“Acknowledging the global nature of climate change calls for the widest possible cooperation by all countries and their participation in an effective and appropriate international response in accordance with their common but differentiated responsibilities and respective capabilities.”
So states the Preamble to the United Nations Framework Convention on Climate Change (UNFCCC) http://unfccc.int/essential_background/items/2877.php, the international treaty ratified by 192 countries since its introduction in 1992, which led to the Kyoto Protocol http://unfccc.int/kyoto_protocol/items/2830.php, ratified by 184 countries (but not the United States) since 1997. The Kyoto Protocol expires in 2012, and the international community is struggling to create a new global agreement to replace it at the December 2009 UN climate change conference in Copenhagen in order to give nations time to ratify it before 2012.
The ethical interpretations of the preamble phrase, “common but differentiated responsibilities and respective capabilities,” are central to the current impasse in the global climate change negotiations.
Industrialized countries must drastically reduce their emissions and provide finance and technology to assist reduction of emissions in developing countries. Developing countries insist that a solution to climate change cannot come at the expense of their development. Reductions of greenhouse gas emissions in developing nations, primarily in the southern hemisphere, are also necessary, but economic growth and poverty alleviation are inexorably linked to lack of access to energy services – and, consequently, a seemingly inevitable increase in fossil fuel use and thus carbon emissions.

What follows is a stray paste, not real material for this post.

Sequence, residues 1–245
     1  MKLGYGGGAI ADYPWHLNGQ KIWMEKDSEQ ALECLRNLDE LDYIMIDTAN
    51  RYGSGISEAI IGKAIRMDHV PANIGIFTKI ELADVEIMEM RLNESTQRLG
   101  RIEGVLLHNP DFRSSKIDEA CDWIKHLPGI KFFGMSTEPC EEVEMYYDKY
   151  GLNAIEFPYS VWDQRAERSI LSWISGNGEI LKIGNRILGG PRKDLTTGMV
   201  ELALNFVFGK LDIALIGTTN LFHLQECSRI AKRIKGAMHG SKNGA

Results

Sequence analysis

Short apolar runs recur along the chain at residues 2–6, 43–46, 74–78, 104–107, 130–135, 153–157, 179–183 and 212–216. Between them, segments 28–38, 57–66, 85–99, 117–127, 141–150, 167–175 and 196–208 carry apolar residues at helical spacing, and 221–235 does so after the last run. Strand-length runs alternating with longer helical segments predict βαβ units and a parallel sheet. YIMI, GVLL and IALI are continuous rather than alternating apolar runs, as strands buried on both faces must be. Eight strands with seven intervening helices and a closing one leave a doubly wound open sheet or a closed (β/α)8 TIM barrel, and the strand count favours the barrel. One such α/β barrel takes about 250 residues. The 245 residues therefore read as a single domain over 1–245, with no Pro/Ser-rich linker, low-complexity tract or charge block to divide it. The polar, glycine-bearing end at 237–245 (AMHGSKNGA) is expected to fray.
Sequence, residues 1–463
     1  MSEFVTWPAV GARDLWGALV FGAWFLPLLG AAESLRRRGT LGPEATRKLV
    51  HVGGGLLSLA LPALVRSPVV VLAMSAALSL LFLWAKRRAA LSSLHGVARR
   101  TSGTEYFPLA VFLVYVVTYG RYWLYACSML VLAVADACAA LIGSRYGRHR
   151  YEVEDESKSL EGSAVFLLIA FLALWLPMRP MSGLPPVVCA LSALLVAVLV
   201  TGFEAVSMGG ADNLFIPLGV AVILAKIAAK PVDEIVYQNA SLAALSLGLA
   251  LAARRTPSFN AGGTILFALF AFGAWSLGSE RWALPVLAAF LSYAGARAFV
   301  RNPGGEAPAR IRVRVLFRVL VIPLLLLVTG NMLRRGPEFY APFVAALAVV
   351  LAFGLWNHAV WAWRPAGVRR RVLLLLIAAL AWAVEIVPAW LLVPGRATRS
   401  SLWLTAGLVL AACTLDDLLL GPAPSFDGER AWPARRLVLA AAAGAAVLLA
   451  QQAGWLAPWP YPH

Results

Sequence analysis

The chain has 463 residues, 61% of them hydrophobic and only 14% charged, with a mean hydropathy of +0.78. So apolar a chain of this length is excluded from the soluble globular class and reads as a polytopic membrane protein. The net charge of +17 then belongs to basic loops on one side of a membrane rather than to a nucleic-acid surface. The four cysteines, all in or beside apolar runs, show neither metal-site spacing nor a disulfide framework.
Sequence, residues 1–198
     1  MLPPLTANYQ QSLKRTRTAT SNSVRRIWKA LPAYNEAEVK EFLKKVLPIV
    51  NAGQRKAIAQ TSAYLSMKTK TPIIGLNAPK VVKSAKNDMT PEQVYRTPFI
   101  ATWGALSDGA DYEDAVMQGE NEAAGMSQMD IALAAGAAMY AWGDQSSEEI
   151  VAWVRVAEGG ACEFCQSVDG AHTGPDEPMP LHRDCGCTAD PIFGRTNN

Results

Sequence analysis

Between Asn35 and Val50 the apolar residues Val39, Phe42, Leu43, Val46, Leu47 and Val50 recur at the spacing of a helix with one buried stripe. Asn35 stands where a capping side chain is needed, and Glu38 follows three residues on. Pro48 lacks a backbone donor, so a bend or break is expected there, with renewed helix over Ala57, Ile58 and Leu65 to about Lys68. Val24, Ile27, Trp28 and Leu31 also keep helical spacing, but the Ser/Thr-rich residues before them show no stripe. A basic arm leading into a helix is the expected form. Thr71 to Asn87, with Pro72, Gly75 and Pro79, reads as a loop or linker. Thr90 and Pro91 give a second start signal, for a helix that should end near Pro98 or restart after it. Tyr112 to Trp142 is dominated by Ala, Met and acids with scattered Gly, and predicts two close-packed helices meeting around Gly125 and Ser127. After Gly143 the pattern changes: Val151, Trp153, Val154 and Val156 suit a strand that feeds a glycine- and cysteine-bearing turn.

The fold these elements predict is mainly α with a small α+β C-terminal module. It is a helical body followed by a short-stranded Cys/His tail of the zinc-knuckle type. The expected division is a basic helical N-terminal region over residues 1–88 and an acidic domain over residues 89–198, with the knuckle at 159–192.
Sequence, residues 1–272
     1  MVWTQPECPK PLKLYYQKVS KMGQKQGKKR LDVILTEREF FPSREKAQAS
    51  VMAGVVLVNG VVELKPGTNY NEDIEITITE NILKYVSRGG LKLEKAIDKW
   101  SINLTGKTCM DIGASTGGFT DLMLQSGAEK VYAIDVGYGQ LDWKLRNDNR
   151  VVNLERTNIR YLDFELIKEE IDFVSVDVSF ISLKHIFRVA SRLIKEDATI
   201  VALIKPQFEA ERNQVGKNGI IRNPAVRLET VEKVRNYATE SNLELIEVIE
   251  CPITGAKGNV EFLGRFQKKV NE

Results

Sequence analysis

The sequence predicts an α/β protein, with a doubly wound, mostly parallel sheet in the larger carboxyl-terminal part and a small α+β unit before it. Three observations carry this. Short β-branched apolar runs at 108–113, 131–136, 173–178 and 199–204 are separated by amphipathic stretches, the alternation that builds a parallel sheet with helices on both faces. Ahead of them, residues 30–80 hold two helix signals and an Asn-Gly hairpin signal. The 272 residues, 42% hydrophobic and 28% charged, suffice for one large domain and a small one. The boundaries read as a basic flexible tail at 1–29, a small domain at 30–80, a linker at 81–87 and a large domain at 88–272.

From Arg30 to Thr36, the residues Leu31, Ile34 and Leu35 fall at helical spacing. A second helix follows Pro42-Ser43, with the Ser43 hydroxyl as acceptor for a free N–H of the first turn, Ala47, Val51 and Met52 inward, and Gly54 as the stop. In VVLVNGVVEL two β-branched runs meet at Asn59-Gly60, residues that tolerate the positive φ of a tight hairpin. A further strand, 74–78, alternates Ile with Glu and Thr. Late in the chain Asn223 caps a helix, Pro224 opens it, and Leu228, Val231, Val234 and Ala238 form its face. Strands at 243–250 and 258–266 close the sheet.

Several frameworks for reducing global greenhouse gas emissions to combat climate change are under consideration. Two of the most promising are “Contraction & Convergence” and “Greenhouse Development Rights.” Both are potentially feasible approaches, and both stress equity, development, mitigation, and adaptation.
Contraction and Convergence
The basic ethical principle of Contraction & Convergence is “equal per capita emission allocation.” It reduces global greenhouse gas emissions so that atmospheric concentrations become stabilized at an agreed safe level (contraction) and distributes the permissible emissions under the contraction on an equal per capita basis globally for all countries (convergence).
For more information on Contraction & Convergence: http://www.gci.org.uk/
To run or download a presentation on Contraction & Convergence:
Greenhouse Development Rights
The basic ethical principle of Greenhouse Development Rights is “ability to pay.” It combines the costs of emissions mitigation and development funding and calculates for each nation a “measurement of responsibility and capacity” based on the percentage of its population above a “development threshold,” or minimum per capita income, and excludes emissions that correspond to consumption from those below the threshold.
For more information on Greenhouse Development Rights: http://www.sei.se/web-resources/greenhouse-development-rights-gdrs.html
For a brief executive summary on Greenhouse Development Rights: http://gdrights.org/wp-content/uploads/2009/01/gdrs_execsummary.pdf